When one thinks of the Three Kingdoms era of China and Koei Tecmo, their first thought might be the fast-paced hack-n-slash action of the Dynasty Warriors series. But Wo Long: Fallen Dynasty, despite its differing playstyle, does not let its predecessors overshadow it. While it is definitely more action-oriented than other Soulslike games, it is still quite the challenge. Unfortunately, part of the challenge involves dealing with things beyond the player’s control when on PC, such as laggy framerates and shoddy controls depending on how you’re playing.
Wo Long: Fallen Dynasty, like most other Dynasty Warriors games, takes place during the Yellow Turban Rebellion during the Eastern Han Dynasty. The nameless player avatar (whom the player can customize) finds themself swept into a conflict between the various kingdoms. However, this time they’re after an elixir of immortality, rather than territory. You fight through levels with historical figures such as Zhao Yun or Guan Yu as your partners, all while wielding magical powers and Divine Beasts in a fantasy version of China. The story is not very impressive and ultimately forgettable, but the action and cutscenes are a delight to watch.
Another reason why I have such a hard time remembering the story is because it takes me a while to get through each level. For reference, Team Ninja split up Wo Long: Fallen Dynasty into various battlegrounds. Once you complete one, you move onto the next. Every level partners you up with a Three Kingdoms figure, or you fight one. Before you face off against the boss, you must explore the region and cut through the enemies you encounter. You can deal with the random mobs in various stylish ways. But if you let your guard down, they can seriously mess you up. At the end, you open a door to a boss. Some of these bosses are ridiculously hard, whereas others are a cakewalk. There is a very simple formula to follow when going up against bosses: parrying. Soulslike veterans should have expected that, though.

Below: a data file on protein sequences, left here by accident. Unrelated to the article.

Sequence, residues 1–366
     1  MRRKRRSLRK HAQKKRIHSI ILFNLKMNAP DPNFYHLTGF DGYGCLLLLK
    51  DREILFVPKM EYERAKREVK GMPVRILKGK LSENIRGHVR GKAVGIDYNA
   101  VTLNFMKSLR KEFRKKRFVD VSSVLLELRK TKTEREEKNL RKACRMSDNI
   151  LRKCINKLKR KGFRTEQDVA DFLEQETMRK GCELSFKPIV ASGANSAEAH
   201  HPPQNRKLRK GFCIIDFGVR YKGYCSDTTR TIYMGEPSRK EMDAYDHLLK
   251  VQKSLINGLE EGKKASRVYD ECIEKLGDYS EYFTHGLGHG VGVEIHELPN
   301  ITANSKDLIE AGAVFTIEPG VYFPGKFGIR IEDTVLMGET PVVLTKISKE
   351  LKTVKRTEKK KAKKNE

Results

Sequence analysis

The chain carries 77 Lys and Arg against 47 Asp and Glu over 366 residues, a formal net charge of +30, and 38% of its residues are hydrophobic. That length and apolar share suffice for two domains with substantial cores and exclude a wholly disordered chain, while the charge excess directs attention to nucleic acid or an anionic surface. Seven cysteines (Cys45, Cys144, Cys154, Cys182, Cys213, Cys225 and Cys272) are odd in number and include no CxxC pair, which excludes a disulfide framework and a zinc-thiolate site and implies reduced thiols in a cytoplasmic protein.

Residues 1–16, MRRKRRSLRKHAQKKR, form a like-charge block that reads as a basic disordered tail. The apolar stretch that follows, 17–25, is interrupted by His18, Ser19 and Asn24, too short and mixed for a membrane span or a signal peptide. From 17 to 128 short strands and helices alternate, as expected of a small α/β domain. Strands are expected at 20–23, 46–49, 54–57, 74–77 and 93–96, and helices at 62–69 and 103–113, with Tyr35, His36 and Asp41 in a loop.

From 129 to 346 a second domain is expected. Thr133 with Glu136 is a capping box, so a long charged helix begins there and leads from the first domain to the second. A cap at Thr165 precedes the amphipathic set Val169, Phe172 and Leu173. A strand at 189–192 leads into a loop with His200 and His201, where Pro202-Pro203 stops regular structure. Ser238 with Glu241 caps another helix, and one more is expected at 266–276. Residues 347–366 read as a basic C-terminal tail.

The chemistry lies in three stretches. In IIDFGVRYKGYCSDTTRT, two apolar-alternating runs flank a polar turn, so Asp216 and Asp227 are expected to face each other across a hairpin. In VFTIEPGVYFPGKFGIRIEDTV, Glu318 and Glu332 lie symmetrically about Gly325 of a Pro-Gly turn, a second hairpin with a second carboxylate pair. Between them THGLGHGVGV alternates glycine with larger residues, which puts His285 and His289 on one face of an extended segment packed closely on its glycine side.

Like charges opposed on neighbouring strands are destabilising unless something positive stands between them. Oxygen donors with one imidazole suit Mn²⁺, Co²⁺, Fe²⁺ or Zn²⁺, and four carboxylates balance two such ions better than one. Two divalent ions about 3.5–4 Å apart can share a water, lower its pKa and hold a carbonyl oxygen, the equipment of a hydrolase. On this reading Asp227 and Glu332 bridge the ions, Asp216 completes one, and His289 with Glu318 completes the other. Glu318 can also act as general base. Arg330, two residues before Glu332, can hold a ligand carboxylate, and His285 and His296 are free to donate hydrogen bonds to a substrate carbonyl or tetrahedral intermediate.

The thing with Wo Long: Fallen Dynasty is that it’s obviously not as easy as it sounds on paper. Parrying depends on your weapon, with ones like polearms having a broader window in exchange for slower attacks. I also found that the timing can be severe, even when I used a weapon with a lower deflecting difficulty. You also have to balance your Spirit (essentially you can’t play too conservatively), which means the game forces you to get in close and combo the enemy. Some bosses have a small pause before they unleash their critical hit, which is easy to fall for when it’s your first time fighting against them. Fortunately, there is always a save point right before the boss fight, so you don’t tend to lose much progress.
Surprisingly, Wo Long: Fallen Dynasty is really approachable. Now, obviously, you do need some skill in order to fight the bosses. The game takes no pity on you. However, the Morale and Fortitude systems can make your life easier. The more enemies you defeat, the higher your Morale is. As well, your Fortitude rises every time you raise a battle flag. The closer your Morale is to boss’s, the more damage you deal and the less damage you take. Fortitude, on the other hand, is the minimum level of Morale you have. So players who want an easier time can grind to boost their Morale and make each strike count. Conversely, players who prefer a challenge can let simply maintain the bare minimum of Morale before a boss fight.
Wo Long occasionally stutters, making my frame rate terrible despite my gaming laptop’s fairly good specs. It would be a minor nuisance except for the fact that every frame is literally what separates my character from a successful deflect or a world of hurt. There are also some oddities in the patch I played when it came to the menu. Due to certain circumstances, I played with a mouse and a keyboard. This is a configuration that Koei Tecmo supports. Unfortunately, the team likely did not expect anyone to actually use a mouse and keyboard. Even at its fastest setting, the camera feels sluggish when turning. As well, it was difficult navigating the Wizardry menu to give my character new spells. This is because my cursor disappeared more than half the time, forcing me to exit the menu and click back in just to check out the skill tree.
Wo Long: Fallen Dynasty has a unique world view and a fun but challenging battle system. Unfortunately, there are a few issues that bog it down other than its performance on PC. The dull environments can get boring to look at, and the story is fairly generic despite the setting. I also felt like the historical figures could have had more screentime rather than existing as glorified decoys. Perhaps that is my bias as a Three Kingdoms fan and not necessarily a soulslike fan, though. It has promise as a new Three Kingdoms-inspired Koei Tecmo game, but needs to polish off its rough patches before it can shine on its own.
Wo Long: Fallen Dynasty is readily available on the PS4, PS5, Windows PC, Xbox Series X, and Xbox One. Windows PC version playtested.
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